by Richard J. Grant
A reader asks why people believe that “the printing of money by the U.S. government is such a bad idea.” It seems to her that it would not cause inflation “in a society that is glutted with goods, services, capacity and unemployed people as is America today.”
Let us set aside for a moment the question of how you can inflate without causing inflation and what it means to be “glutted with goods” in a world of scarcity. She asks a very important question: “What if the government simply created new money to buy things such as disaster relief or infrastructure repair or research to benefit society?”
She is not alone in believing that no one would be hurt by this. On the surface, it really does appear that “no one would have to borrow it, lend it, or be taxed to pay it back.” We can skip over the roundabout process through which federal government spending is financed by issuing Treasury bonds and then having the Federal Reserve buy those bonds with money it creates. The net effect is that the government spends money it creates from nothing.
The belief that no one would “be taxed to pay it back” is widespread. That is why inflation of the money supply has been so popular with governments throughout the centuries. At first glance — which is more than the average citizen gives it — it does appear that we are getting something for nothing.
We see more government dollars; and we see those dollars going into disaster relief, infrastructure repair, and research. What we don’t see are those goods that are never produced and services that are never provided because the current resources were bid away by government spending. Even at a time when people and resources are unemployed and wages and other prices are falling, inflation of the money supply keeps those prices higher than they would have been.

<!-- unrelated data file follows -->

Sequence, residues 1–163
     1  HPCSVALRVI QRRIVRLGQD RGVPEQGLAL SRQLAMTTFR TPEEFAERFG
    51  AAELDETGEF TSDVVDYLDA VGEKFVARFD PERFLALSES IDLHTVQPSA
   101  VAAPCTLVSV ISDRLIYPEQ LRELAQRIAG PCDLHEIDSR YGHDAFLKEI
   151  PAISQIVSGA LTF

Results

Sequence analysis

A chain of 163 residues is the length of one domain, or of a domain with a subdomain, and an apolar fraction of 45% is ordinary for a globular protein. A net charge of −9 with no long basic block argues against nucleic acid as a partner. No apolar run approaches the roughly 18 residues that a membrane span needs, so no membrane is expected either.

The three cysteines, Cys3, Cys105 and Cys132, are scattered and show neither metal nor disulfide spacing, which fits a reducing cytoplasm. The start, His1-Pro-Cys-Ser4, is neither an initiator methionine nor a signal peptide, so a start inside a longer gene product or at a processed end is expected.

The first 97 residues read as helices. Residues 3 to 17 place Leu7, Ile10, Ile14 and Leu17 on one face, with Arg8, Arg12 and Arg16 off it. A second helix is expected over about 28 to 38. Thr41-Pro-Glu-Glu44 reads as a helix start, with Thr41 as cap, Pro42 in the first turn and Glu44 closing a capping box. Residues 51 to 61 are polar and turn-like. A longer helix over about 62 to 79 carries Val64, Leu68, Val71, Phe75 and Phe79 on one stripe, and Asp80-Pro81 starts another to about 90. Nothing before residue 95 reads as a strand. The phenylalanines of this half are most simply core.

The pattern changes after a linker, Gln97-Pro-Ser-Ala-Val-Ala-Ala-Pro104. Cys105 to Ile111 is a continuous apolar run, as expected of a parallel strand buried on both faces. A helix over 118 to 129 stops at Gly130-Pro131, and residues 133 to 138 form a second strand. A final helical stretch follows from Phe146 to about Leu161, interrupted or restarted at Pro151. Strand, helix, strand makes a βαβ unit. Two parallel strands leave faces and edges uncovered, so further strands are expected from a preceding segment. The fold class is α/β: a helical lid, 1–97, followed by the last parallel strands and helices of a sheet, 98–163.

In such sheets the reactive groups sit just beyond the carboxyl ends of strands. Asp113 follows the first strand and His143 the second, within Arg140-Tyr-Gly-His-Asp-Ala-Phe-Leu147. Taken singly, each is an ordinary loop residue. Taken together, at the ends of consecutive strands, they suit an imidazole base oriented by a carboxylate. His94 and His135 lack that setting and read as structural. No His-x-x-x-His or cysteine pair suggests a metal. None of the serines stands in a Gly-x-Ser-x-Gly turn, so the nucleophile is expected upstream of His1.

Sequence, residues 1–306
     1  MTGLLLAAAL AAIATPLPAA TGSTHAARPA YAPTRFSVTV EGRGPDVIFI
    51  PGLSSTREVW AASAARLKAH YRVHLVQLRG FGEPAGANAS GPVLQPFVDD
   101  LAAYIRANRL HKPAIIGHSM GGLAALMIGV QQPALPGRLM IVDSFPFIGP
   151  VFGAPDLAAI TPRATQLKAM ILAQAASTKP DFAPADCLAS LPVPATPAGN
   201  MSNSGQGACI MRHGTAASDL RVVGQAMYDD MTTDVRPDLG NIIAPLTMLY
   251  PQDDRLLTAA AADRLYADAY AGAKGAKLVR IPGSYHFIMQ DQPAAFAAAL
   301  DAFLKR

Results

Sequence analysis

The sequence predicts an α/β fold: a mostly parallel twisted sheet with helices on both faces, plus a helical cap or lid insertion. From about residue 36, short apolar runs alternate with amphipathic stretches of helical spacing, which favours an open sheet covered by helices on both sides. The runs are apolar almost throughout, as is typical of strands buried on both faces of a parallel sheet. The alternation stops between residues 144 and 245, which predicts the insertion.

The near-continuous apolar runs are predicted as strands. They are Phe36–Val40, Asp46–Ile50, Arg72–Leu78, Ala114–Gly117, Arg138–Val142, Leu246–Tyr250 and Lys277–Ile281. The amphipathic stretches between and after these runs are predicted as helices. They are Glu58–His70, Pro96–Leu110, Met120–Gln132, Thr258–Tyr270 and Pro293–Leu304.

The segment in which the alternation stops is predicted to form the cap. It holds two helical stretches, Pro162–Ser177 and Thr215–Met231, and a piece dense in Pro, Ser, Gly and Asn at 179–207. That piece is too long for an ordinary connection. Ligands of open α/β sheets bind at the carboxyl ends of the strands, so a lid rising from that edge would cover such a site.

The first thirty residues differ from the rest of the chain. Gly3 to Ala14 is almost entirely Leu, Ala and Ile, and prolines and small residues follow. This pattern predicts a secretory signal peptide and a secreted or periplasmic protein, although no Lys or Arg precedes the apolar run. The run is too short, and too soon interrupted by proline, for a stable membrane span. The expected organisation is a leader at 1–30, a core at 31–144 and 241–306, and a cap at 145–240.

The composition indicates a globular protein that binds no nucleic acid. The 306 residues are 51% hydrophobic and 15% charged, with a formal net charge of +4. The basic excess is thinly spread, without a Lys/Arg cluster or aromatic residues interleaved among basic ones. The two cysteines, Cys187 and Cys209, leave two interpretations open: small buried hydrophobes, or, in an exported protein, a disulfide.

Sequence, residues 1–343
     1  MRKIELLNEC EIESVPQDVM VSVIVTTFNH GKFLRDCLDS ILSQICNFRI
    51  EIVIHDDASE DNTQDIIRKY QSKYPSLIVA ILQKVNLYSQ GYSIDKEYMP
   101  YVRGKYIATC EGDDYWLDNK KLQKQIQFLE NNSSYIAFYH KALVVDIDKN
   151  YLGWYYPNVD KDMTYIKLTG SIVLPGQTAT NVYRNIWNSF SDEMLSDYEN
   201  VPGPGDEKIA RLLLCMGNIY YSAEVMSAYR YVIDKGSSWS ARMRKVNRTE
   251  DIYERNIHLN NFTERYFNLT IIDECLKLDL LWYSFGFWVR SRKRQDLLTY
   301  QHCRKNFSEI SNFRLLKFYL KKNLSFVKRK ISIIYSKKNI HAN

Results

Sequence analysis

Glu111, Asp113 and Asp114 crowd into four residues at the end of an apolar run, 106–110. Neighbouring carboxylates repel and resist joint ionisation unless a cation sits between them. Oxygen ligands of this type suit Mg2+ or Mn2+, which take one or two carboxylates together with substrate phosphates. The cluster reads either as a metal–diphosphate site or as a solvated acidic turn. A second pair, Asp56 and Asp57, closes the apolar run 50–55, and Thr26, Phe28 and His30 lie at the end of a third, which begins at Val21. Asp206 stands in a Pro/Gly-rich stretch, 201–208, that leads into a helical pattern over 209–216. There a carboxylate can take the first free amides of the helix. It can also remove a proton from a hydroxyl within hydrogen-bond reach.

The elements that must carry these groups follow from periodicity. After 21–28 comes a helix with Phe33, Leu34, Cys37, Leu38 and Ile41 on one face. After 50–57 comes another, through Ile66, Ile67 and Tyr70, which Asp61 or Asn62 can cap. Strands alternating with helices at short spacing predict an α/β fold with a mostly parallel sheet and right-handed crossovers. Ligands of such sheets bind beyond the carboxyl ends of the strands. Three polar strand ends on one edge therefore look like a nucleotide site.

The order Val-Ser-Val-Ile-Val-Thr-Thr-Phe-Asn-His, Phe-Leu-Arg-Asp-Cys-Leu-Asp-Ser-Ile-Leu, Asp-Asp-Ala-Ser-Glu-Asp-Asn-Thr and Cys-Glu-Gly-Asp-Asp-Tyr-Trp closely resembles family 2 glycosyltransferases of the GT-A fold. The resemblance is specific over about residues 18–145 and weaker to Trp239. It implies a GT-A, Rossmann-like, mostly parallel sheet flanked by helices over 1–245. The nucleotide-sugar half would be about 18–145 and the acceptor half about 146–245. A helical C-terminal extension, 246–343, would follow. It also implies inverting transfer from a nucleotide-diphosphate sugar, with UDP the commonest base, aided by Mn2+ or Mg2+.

Although in the short term it appears that more money means more wealth, all we really have is more money. If prices are higher than they would have been, it means that each dollar buys less than it would have. It is like the story of Yogi Berra at a restaurant. When the pizza arrived the waiter asked, “Mr. Berra, would you like this cut into four slices or eight?” Mr. Berra replied, “Cut it in eight pieces; I’m extra hungry tonight.”
If you have twice as many slices (or twice as many dollars), could you share half of them with the government and still have as much pizza (or wealth) as you had before? You are giving pizza (or wealth) to the government. You are paying a tax. When the government creates money to finance its spending, anyone who holds assets denominated in dollars is paying a tax.
The transfer of resources to the government affects overall spending patterns. The short-term effect that money creation has on interest rates will affect investment patterns, often setting us up for future reversals. Some people will gain, many will lose. But in total, we won’t get something for nothing.
When money is created for political purposes, including the purposes of special-interest groups, it is less useful for its natural social function, the facilitation of trade. It is not more money that we need, but more of what it can and cannot buy.
Richard J. Grant is a Professor of Finance and Economics at Lipscomb University and a Senior Fellow at the Beacon Center of Tennessee. His column appears on Sundays.
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Copyright © Richard J Grant 2012